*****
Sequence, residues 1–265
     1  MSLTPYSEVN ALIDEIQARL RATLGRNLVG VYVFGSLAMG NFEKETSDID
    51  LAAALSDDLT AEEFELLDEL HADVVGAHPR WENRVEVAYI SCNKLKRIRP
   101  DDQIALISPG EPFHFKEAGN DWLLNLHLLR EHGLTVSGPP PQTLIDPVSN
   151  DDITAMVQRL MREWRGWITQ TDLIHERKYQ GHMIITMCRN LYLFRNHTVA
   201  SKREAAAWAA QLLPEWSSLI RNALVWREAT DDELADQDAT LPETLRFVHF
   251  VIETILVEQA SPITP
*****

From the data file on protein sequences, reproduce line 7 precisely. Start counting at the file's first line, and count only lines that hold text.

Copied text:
   251  VIETILVEQA SPITP